Less Water Is More

Water is a luxury in the U.S.: The average American uses 170 gallons of water per day around the house. Contrast that with the fact that one billion people don’t even have access to clean water–that would equate to one in six US citizens. Millions of women and children spend hours every day walking miles to collect water–40 pounds strapped on their back–keeping them from school and work. Their water use: average of 5 gallons per day.

Water is a hot button for me. I was taught at an early age to take quick showers and turn off the water while brushing my teeth. But nobody really told me why. Maybe, in our case, it was to save money.

More recently, I became frustrated with the high rate of bottled water consumption and its impact on the environment–it takes 3-5 liters of water to make one 1-liter bottle of bottled water and, in the US alone, we toss out enough disposable water bottles to circle the equator every 2.9 days. The movies FLOW and Blue Gold expanded my concerns to the global water crisis. And Tapped pretty much put me over the edge.

Day Six of the No Impact Project challenged us to “soak up the personal benefits of using less water” (while continuing to work on the previous days’ goals). Since water usage was already an everyday conscious effort in our household, this day didn’t alter our routine, but still made us more conscious. Some examples of what we’ve already been doing…

  • Zero bottled water consumption: we fill our reusable water bottles from the tap. (It’s a good idea to get your water tested annually and choose a filtration system only if necessary).
  • We don’t flush the toilet every time we go ( if it’s yellow keep it mellow). This poses a bit of a problem in my son’s bathroom–if I don’t remind him, the toilet could sit for days without a flush, emitting an outhouse-like aroma. Another alternative: purchase a upgrade to a high efficiency toilet or, better yet, install a dual-flush system on your existing toilet! I like the Being Water kit –it has the Green America seal of approval and is available for less than $40!
  • Showers are not a daily ritual–this makes my son very happy.
  • We wash clothes in cold water 99% of the time
  • When washing dishes, we turn the water on only as needed.
  • We don’t water our lawn in the summer. We still need to take that extra step and hook up a rain barrel to our downspout–this would give us the water we need for the herbs and vegetables we grow.
  • I purchase concentrated cleaning and laundry products.
  • I’m able to reduce our laundry loads (and dry cleaning) by using a reusable, chemical free Refresh’n Dryer Towel–just toss it into the dryer with a few items and 15 minutes later you’ve got clean clothes! It can be used up to 20 times and then makes a perfect rag.
  • We only run the dishwasher and washing machine with full loads.
  • When washing pots and pans, I use only the water I need–reuse soapy water from one item to the next and do the same with rinse water. The water is only on–as gently as possible–when absolutely needed.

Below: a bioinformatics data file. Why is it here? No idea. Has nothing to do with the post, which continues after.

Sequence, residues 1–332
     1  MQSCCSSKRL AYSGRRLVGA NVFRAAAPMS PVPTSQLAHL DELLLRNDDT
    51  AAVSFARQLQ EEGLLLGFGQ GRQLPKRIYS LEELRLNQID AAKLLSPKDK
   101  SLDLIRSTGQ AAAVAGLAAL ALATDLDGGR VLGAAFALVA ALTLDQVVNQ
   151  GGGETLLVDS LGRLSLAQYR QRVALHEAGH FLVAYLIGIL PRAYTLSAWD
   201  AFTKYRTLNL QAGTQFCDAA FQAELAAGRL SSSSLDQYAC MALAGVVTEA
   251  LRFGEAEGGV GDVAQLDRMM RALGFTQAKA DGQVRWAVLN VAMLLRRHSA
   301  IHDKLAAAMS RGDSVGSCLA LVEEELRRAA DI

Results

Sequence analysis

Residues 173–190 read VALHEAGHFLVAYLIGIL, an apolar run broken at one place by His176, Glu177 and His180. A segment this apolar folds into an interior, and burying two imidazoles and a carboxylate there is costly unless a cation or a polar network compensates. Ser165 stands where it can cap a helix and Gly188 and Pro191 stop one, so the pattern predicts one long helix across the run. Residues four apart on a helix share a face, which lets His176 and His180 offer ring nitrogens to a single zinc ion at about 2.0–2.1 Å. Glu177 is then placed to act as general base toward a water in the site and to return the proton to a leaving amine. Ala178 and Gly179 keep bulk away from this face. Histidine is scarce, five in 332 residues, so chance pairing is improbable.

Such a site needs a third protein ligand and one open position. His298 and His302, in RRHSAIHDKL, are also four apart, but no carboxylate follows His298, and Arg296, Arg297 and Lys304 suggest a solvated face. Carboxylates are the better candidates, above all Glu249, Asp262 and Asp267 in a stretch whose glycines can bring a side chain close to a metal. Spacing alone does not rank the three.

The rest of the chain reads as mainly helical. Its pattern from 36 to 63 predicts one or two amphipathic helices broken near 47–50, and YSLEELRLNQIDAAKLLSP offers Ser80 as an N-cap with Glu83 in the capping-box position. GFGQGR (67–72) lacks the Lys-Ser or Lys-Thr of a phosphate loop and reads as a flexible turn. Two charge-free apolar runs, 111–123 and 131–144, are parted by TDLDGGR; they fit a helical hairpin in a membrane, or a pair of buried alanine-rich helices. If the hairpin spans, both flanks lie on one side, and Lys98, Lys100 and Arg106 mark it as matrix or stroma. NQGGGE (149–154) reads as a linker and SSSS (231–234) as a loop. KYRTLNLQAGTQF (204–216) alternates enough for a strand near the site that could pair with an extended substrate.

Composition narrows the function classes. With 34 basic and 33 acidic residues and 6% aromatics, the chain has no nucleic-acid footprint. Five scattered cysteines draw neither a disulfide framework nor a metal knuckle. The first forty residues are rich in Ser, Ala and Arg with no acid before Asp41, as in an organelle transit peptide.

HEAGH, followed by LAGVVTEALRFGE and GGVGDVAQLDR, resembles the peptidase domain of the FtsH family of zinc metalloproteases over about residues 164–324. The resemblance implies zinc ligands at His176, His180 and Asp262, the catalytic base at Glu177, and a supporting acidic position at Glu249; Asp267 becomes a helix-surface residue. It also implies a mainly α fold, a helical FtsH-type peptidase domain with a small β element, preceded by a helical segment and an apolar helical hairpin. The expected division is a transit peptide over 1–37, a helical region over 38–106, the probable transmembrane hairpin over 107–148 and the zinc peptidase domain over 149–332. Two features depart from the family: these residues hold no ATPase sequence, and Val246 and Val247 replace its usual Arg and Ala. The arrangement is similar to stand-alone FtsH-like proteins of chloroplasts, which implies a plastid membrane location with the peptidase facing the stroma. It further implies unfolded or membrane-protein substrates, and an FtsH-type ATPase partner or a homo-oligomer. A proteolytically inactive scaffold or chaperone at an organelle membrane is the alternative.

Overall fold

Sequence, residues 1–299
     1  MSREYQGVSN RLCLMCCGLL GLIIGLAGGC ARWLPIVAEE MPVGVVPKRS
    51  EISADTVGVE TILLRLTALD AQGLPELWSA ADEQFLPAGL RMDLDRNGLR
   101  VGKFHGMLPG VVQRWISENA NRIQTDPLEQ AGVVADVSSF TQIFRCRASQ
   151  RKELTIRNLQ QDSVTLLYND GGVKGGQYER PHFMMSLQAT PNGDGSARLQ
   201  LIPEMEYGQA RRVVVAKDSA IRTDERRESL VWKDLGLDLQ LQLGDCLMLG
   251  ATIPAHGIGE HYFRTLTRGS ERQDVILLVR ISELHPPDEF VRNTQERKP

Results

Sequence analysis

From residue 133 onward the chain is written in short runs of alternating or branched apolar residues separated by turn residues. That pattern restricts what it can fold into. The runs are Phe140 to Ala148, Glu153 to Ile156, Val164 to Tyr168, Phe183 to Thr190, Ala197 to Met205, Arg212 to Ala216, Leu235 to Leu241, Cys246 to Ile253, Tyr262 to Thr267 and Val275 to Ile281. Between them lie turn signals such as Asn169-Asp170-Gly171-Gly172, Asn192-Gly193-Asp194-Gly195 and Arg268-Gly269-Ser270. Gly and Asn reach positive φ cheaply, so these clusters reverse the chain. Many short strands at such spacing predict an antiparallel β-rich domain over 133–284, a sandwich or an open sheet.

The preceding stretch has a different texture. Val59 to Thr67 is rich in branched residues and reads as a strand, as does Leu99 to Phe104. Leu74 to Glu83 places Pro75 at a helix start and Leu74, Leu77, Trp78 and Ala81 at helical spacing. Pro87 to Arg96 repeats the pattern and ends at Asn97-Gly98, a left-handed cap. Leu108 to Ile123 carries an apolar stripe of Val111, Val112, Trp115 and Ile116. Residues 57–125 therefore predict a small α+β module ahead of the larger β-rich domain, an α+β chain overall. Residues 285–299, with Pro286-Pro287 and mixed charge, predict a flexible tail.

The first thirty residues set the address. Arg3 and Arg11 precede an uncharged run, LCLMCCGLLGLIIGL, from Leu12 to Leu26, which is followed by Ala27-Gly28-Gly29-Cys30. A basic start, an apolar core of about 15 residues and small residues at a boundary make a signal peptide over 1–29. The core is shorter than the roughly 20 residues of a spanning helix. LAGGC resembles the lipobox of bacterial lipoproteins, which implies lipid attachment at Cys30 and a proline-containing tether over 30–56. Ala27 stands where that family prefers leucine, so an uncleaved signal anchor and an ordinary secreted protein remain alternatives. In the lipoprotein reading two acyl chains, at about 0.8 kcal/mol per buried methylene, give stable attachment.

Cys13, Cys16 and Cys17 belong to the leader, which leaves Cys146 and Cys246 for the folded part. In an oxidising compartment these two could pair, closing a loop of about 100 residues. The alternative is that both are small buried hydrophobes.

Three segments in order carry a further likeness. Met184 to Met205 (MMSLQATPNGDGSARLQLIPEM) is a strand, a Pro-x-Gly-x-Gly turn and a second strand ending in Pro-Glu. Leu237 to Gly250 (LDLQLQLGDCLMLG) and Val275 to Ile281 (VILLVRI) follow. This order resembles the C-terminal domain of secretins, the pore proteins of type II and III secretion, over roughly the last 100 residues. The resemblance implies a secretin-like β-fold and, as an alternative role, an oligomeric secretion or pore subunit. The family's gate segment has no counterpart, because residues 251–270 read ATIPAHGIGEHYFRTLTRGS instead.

• We reuse the same glass throughout the day, careful not to mix them up!

Do we have room for improvement? Certainly!

  • Take colder showers. While I don’t shower often, when I do, I tend to luxuriate a bit more than I should and the water is toasty.
  • Install aerators on taps
  • Scrape dishes (don’t rinse) before putting them into the dishwasher.
  • If you wash dishes, stack and let them soak in hot soapy water then load into the sink rack and rinse by pouring hot water over hte top or using the spray nozzle.
  • Reuse all cooking water for making soups, stocks and other dishes as well as rinsing produce, watering houseplants and washing pets.

SIDE NOTE: Did you know? By reducing time in the shower, scraping instead of rinsing dishes and installing aerators on taps and using efficient appliances you can reduce your water consumption by over 25%? (Source No Impact Project).

Here are some other manageable tips:

  • In restaurants, only order water if you’re going to drink it!
  • Drink water instead of other beverages–it’s the least processed drink and uses less water (and energy) to produce and transport than any other drink. Better to go with tap!
  • Don’t use water to defrost items… think ahead!
  • Purchase products with minimal packaging – one pound of plastic = 24 gallons of water!

Calculate your water footprint at WaterFootprint.org.

What are some methods you’ve used to conserve water?

Day seven: Pay it forward

One Response

  1. [...] Fact from http://icountformyearth.wordpress.com – The average American uses 170 gallons of water per day around the house. Contrast that with the fact that one billion people don’t even have access to clean water–that would equate to one in six US citizens. (Click here for full article) [...]

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